How Hedvig software-defined storage integrates with Docker Datacenter

By Suhani Gupta | | Cloud

Today we announced the release of our Docker Volume Plugin. As a result, Docker users can seamlessly provision persistent volumes on the Hedvig Distributed Storage Platform. Specifically, we’ve demonstrated that this plugin enables users to provision Hedvig storage directly from Docker Universal Control Plane, which is the management interface for Docker Datacenter.

Today’s announcement is a critical element for enterprises looking to use Docker containers in production environments. One of the most common enterprise requirements is to run databases as stateful microservices in containers. However, containers are ephemeral in nature and not designed to run stateful apps — at least not without integration with shared storage. We know customers are demanding pre-integrated, end-to-end Docker solutions and that’s what we can do now.

This blog is designed to help you understand what this all means and how it works at a high-level.

What is Docker Datacenter?

To-date, Docker’s momentum has been in cloud native environments where a do-it-yourself approach is more prevalent. To help containers penetrate the enterprise and truly go mainstream, Docker bundled many of its existing components so that enterprises can more easily run and manage Docker in a typical enterprise datacenter. Docker Datacenter is rounded out with support subscriptions.

Put succinctly, Docker Datacenter is described as: “an integrated solution including open source and commercial software, the integrations between them, full Docker API support, validated configurations and commercial support for your Docker Datacenter environment.”

The primary components of Docker Datacenter include:

  • Support for the Docker API along with Engine and Swarm embedded
  • Security with Docker Content Trust (image signing and verification) for
  • Docker Trusted Registry (stores and manages images).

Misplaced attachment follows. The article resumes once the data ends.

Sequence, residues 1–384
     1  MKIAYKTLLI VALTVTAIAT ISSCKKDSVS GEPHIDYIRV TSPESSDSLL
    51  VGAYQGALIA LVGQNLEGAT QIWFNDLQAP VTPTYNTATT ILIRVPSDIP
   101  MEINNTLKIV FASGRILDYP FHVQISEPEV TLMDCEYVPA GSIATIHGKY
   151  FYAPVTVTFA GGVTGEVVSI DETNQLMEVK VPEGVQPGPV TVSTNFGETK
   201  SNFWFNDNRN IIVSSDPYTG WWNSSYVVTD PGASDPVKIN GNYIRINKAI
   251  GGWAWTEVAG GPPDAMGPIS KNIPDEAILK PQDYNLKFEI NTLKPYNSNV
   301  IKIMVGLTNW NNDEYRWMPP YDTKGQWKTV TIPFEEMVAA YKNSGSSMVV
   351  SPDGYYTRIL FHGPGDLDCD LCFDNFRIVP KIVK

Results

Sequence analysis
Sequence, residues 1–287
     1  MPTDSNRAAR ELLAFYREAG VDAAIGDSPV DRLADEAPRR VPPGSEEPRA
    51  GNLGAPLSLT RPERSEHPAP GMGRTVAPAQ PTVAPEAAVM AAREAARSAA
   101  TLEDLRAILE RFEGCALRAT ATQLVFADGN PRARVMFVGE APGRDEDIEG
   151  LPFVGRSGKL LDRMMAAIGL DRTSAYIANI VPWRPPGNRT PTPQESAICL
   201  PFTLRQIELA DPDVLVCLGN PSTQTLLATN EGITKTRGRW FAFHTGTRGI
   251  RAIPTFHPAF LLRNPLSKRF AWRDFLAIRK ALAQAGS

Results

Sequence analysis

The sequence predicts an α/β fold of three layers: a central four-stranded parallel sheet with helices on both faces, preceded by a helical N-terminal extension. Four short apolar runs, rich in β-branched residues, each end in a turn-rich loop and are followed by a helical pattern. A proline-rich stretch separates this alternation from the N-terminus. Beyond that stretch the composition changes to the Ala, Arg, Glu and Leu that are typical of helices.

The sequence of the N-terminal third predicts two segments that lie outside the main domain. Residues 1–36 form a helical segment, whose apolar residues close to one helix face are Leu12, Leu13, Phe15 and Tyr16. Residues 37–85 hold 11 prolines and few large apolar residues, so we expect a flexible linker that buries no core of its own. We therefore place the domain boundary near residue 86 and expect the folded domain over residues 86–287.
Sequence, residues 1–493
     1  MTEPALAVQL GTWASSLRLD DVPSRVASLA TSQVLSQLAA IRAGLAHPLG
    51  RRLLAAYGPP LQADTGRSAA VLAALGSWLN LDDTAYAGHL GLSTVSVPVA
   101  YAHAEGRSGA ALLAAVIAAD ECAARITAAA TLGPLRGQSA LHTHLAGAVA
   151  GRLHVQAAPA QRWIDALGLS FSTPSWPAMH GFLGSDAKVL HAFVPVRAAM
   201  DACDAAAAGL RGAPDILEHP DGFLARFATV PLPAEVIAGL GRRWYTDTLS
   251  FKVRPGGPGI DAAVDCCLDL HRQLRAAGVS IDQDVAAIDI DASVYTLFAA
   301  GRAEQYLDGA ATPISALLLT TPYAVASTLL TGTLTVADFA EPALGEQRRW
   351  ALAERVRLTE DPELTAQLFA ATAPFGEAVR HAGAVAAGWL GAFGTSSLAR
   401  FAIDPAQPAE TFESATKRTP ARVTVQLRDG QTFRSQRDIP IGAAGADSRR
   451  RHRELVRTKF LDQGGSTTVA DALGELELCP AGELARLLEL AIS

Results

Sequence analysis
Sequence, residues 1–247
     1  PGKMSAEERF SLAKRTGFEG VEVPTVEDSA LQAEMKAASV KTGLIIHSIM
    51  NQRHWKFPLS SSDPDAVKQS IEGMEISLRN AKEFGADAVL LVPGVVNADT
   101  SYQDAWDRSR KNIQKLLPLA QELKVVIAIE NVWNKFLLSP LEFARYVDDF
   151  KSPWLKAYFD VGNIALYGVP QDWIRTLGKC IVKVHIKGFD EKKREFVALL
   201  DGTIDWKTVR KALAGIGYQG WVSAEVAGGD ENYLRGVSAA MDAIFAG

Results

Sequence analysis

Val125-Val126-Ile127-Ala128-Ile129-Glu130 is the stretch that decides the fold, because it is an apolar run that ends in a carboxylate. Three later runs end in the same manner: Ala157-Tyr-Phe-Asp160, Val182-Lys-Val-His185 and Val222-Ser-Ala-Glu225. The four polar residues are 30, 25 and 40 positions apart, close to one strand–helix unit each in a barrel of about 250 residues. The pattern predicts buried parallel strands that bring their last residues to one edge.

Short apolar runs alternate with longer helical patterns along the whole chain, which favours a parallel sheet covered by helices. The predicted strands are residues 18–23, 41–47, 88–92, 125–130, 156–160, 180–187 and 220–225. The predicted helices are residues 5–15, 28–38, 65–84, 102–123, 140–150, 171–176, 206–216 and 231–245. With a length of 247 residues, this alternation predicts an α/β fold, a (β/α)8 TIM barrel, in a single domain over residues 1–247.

• Container management with Docker Universal Control Plane (the Docker web UI).
  • Integrations into additional Docker ecosystem tools like Client and Compose.
  • Partner integrations including plugins. The Docker Volume Plugin is what Hedvig leverages.
Where does Hedvig fit in Docker Datacenter?

The Docker Volume Plugin we’ve created enables a Docker host to access Hedvig as it’s underlying storage. By default, a Docker host can only access local storage. With a Docker Volume Plugin, the containers on a host now have the ability to read and write from shared storage. This particular capability is not unique; any vendor that supplies a Docker Volume Plugin can do this. However, we do this using NFS, which is very unique to Hedvig.Other storage solutions use iSCSI, which we support via our partnership with ClusterHQ and development of the Hedvig Flocker Driver). However, iSCSI doesn’t support the ability to move containers among hosts without a product like Flocker in between. We’ve implemented container volumes with NFS, which allows us to mount the same volume on different hosts. Hedvig has unique capabilities on the backend of the cluster to ensure this scales across a multi-reader environment. Moreover, the Hedvig Storage Proxy architecture enables us to optimize NFS traffic so you get none of the performance downside, but with all of the multi-host, multi-tenant upside. Hedvig is actually protocol agnostic, so there is no performance difference between iSCSI and NFS. It’s a customer deployment preference.

Hedvig works with the orchestration layer (Swarm in the case of Docker Datacenter) to move, spin down, and spin up containers with the ability for that container to access its volume from any host in the cluster.

How does the Hedvig Docker Datacenter solution work?

Anyone familiar with Docker’s UI (or even similar UIs like VMware vCenter and OpenStack Horizon) will be able to instantly provision Hedvig volumes.

To do so is a simple four-step process:

  1. Click “Create Volume.” This opens a dialog box inside of Docker UCP.
  2. Name the volume. Pretty straightforward.
  3. Select Hedvig as your Driver. This invokes the Hedvig Docker Volume Plugin.
  4. Enter volume options as a comma-separated list. In our case, this enables you to set unique attributes for each container volume. Supported options include: volume size (e.g. size=10gb), replication factor (e.g. rf=3), inline deduplication (e.g. dedupenable=true), inline compression (e.g. compression=true), and client-side caching for read acceleration (e.g. cacheenable=true)

To see the solution in action, here’s a 5-minute demo showing a MongoDB databaseaccessing a dataset stored on Hedvig volumes. In this demo, we show that the container can be destroyed, a new one spun up, and then reconnected to the same volume for dataset persistence.


How do I get started with the Hedvig Docker Datacenter solution?

Assuming you already have Docker Datacenter up and running, then to get started customers just need to download the Hedvig Docker Volume Plugin from GitHub.

The Hedvig Docker Volume Plugin must then be distributed to each host that will need access to Hedvig storage, which can be easily accomplished from Docker command line.

That’s it!

From there you can now use Hedvig for all of your Docker container storage needs.

If you’d like to learn more, check out our Docker resources page for product material, solution briefs, reference architectures, demos, and webinars.

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